Thursday, April 12, 2012

Payment discussion at MHDC

I was honored to join Charlie Baker, former CEO of Harvard Pilgrim Health Care, and Carey Goldberg, of WBUR's Commonhealth, for a discussion at a seminar entitled "Payment Reform: Achieving the Three-Part Aim?" held by the MA Health Data Consortium.  We were preceded by an opening address from Dr. Robert Galvin of Blackstone Consulting.

Dr. Galvin provided an overview of issues surrounding payment reform, integrated health care delivery, and the like.  He set forth two possible scenarios for the various market areas.  One would be where integration would lead to improved outcomes and lower costs.  And the other would be where consolidation would lead to higher prices and unchanged outcomes.  He noted that the Federal Trade Commission does not have the resources and that the federal administration does not have the desire to intervene to prevent the latter scenario.

He wondered about the possibility of the "too big to fail" phenomenon occurring in health care, where because provider organizations become the economic engine of a given area, the normal forces of cost control do not take hold.

He set forth a warning, too, about two aspects of payment reform that could cause backlash.  The first related to those he termed the real losers -- providers who will ask, "Where did my income and autonomy go?'  The second was about perceived losers -- consumers/patients who will say, "No one told me I couldn't have everything."

Galvin suggests that the extent to which payment reform should be adopted and could be successful depends on using distinctly different approaches to different kinds of markets.  "We need to map payment archetypes to market archetypes," is the way he put it.

He concluded by suggesting that evolution, not revolution, would be the way things should and will move:  "Reorganizing the delivery system is unbelievably resource-intensive and fraught with unintended consequences."

Charlie and I then began our panel discussion, moderated by Carey. Regular readers of this blog will have a sense of my discussion about payment reform, its limitations and difficulties, and how it distracts us from other priorities for the health care system.  Charlie was sailing along a similar tack, to the point that Carey noted that our talks were more likely to result in a debate with the audience than between the two of us.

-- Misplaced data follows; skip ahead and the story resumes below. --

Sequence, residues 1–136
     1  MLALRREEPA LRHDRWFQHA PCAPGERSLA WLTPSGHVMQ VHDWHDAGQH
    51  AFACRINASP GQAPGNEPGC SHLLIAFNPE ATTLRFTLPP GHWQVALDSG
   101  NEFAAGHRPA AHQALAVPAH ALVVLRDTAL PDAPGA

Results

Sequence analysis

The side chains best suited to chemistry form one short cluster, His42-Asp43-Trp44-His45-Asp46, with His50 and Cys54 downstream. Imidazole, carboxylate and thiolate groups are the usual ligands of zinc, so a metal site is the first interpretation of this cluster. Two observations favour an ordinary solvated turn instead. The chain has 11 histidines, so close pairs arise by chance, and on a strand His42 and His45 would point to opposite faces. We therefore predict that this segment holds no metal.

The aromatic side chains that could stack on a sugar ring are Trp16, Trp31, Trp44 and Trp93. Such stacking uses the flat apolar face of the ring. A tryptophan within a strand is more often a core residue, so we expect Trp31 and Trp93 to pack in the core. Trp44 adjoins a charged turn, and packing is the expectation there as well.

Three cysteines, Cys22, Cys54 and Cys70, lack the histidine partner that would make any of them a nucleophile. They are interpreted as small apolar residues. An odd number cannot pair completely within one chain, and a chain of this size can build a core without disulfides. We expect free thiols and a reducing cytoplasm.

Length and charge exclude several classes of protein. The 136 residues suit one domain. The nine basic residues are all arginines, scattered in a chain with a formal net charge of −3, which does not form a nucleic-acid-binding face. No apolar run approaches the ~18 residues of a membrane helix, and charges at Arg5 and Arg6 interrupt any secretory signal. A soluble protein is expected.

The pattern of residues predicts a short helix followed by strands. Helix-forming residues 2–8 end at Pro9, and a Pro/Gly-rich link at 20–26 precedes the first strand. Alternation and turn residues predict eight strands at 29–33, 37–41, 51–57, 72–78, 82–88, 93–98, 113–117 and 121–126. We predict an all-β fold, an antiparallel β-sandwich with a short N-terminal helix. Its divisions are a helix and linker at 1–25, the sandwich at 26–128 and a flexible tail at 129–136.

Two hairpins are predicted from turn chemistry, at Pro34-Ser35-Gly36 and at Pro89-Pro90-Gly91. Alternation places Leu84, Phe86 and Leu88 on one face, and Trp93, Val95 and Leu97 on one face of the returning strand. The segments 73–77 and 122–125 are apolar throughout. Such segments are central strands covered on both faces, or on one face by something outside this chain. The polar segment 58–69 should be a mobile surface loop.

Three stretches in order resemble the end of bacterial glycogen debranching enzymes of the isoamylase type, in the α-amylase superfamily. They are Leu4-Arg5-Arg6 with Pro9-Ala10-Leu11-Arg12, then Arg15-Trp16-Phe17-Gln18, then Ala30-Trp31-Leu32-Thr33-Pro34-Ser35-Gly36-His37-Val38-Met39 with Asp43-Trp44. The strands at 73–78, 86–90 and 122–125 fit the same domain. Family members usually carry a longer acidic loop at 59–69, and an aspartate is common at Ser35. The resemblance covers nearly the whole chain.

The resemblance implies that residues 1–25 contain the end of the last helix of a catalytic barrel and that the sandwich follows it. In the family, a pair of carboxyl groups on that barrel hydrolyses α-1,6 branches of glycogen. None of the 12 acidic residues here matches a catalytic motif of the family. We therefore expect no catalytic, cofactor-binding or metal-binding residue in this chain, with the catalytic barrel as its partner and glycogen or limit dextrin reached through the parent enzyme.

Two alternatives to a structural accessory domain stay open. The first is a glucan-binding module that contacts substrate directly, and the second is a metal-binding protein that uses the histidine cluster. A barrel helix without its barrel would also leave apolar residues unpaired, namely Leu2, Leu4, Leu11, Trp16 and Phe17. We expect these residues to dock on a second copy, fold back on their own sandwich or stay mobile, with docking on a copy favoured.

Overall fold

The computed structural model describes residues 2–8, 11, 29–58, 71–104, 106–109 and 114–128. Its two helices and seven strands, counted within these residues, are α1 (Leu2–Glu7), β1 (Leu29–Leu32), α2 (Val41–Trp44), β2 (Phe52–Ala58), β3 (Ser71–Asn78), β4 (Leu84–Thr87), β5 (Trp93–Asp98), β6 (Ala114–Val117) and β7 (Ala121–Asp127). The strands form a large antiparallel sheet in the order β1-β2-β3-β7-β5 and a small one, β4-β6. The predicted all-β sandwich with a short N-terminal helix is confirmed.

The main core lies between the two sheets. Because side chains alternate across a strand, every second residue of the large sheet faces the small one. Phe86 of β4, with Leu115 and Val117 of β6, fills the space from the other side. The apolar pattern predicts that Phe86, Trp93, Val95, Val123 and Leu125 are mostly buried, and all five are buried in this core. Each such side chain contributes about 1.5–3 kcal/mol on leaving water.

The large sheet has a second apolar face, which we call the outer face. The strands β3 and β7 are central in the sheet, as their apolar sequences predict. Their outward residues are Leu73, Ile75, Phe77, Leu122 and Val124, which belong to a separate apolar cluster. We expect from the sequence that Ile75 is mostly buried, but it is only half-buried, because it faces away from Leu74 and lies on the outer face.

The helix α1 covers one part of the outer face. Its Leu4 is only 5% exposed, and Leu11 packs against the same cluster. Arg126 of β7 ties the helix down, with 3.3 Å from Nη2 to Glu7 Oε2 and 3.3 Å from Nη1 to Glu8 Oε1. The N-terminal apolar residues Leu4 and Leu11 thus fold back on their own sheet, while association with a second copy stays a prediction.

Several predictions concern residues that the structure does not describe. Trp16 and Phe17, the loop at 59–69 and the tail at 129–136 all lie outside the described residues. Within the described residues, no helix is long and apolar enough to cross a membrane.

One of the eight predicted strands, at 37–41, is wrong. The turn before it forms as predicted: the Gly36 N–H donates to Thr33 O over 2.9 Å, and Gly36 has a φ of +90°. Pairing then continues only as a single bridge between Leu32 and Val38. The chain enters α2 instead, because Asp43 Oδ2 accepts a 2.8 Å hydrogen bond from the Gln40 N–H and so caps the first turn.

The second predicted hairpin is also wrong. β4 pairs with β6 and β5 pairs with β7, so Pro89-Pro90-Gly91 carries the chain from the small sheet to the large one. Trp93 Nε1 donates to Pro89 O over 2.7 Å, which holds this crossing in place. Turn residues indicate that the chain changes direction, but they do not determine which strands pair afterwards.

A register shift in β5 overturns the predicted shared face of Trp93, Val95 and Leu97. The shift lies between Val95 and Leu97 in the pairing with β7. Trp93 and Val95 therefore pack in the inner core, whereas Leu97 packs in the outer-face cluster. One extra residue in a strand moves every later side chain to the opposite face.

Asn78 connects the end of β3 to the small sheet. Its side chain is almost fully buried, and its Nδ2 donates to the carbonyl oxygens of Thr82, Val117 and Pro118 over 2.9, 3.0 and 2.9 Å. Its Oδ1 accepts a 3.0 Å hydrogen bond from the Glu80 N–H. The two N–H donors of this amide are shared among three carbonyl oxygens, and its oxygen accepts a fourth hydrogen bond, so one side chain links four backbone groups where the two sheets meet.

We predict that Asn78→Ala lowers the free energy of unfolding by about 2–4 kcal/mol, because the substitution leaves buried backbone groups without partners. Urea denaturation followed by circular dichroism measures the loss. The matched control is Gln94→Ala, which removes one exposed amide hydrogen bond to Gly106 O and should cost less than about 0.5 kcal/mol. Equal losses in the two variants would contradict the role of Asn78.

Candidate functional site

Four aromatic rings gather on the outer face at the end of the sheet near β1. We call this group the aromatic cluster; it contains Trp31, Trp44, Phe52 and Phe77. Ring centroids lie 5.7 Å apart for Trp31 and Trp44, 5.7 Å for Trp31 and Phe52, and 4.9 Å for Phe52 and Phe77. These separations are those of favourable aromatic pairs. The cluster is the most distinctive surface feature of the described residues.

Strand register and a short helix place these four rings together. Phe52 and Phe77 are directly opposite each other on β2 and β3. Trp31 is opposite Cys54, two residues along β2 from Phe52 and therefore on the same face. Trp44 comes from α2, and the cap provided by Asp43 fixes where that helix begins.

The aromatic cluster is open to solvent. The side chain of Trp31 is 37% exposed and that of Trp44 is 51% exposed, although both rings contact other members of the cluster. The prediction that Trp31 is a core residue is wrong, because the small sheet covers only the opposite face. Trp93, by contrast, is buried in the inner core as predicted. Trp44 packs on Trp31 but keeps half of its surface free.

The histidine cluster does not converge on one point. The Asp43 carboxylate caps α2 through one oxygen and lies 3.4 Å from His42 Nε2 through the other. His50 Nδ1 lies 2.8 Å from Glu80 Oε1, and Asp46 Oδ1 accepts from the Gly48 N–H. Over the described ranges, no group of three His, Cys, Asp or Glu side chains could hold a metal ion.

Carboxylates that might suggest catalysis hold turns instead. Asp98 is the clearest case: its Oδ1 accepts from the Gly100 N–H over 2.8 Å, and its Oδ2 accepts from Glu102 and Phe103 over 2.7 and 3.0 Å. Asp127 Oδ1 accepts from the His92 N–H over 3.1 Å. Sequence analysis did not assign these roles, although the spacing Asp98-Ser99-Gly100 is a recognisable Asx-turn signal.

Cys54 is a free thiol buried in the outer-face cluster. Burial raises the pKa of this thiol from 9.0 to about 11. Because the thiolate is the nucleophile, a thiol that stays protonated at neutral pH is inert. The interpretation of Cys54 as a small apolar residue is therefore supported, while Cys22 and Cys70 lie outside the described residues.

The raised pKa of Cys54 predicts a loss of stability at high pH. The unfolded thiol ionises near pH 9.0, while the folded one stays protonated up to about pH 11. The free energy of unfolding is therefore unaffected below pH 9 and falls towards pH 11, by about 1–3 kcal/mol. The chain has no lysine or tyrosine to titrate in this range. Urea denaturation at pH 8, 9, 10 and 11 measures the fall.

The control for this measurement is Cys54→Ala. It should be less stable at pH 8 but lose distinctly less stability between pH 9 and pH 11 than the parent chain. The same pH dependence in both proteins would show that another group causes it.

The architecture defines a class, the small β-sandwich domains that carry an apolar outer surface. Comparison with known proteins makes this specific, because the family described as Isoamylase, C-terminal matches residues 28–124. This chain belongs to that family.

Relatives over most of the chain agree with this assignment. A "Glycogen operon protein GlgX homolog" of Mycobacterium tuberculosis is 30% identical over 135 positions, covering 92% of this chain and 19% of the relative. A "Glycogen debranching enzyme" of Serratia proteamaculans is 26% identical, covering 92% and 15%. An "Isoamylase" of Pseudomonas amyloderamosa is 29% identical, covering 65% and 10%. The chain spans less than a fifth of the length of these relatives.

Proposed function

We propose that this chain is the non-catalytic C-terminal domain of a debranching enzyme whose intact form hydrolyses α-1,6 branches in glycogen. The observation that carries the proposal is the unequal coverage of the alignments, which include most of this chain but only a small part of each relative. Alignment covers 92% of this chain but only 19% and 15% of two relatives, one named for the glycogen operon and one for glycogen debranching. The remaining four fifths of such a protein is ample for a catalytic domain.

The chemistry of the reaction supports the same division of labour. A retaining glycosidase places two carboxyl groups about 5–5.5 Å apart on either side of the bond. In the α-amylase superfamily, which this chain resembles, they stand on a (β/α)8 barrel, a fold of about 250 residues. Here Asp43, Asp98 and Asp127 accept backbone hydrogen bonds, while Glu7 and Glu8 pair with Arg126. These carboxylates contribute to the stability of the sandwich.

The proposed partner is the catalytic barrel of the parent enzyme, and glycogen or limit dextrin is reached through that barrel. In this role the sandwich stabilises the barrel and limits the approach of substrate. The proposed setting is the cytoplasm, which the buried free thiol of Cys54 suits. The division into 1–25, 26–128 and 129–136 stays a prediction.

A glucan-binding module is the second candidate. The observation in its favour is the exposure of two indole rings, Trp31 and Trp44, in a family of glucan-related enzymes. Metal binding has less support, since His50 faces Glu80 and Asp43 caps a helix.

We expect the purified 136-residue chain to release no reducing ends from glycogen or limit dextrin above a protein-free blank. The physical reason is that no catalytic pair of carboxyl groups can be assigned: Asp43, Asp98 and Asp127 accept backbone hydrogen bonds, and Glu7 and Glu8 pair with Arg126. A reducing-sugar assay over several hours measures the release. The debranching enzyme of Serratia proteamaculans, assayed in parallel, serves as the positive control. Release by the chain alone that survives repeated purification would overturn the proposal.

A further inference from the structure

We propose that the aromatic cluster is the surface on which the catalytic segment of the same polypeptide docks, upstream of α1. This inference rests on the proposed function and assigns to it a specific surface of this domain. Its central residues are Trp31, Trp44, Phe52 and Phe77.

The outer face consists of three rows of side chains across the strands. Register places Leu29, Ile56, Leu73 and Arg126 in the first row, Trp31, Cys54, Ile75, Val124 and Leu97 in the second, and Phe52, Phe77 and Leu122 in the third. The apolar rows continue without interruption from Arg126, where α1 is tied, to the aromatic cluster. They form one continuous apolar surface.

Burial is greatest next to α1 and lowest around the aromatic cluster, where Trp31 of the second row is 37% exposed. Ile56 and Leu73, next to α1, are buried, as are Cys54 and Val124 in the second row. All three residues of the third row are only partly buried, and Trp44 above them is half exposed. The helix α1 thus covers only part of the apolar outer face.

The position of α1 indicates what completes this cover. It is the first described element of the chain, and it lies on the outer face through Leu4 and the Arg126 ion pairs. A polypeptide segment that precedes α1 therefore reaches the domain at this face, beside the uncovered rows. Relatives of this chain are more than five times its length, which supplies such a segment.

A few of Charlie's points bear repeating.  First, he noted that 90% of health care spending is concentrated in the care of 10% of the population.  Why, then, create an overburden of a payment change policy for the whole population?  Citing studies by the MA Attorney General, he reminded people that utilization is not driving up the cost of health care in the state.  "It's the unit cost."  Further, the Attorney General demonstrated that control of costs is not tied to particular payment methodologies.

Although we both discussed transparency, Charlie nailed the political point by saying, "You can't build will if no one knows what the current state of play is."  Absent real-time presentations of relative prices charged by providers and of quality metrics of those providers, there will not be public support for the kind of cost containment that could result from limited networks and other varieties of insurance products.


Vanessa said...

From Facebook:

I think the instatement of medical homes will greatly contribute to the solvency of healthcare in the U.S. We have seen the work of the 'hot spotters' and it has worked. Since 'vulnerable populations' use the bulk of healthcare expenditures, the work of medical homes/ACA will greatly improve the care of those with chronic conditions requiring better coordination of care. What do you think of "One Stop Shopping" for healthcare?

Anonymous said...

Thanks for a thought-provoking post with many good points. Taking off from your last paragraph, however, it is clear to me that politicians and officials at all levels (state and federal) have done a very poor job educating the public on this complex subject of paying for health care, so the partisan ideologues rule the discussion. Every week at my volunteer job I listen to a liberal friend and a conservative friend argue this very subject, both massively misinformed in predictable ways. Who can distill this complex problem into an articulate public message which can be used to spark thoughtful discussion, rather than a partisan rant for one's cherished solution? Maybe your esteemed state should lead the way, absent any leadership elsewhere.

nonlocal MD

Barry Carol said...

One would think that state regulators could bring about real time healthcare price and quality transparency in a user friendly format if they had the will to stand up to the hospital, doctor and insurance lobbies. At the very least, they could try it out in selected markets like the Boston metro area or mandate it for the 25 or 50 most common procedures statewide. While I know that insurers think there is a risk that disclosure of actual contract reimbursement rates could result in increased prices, I think it’s worth a try at least on a pilot basis.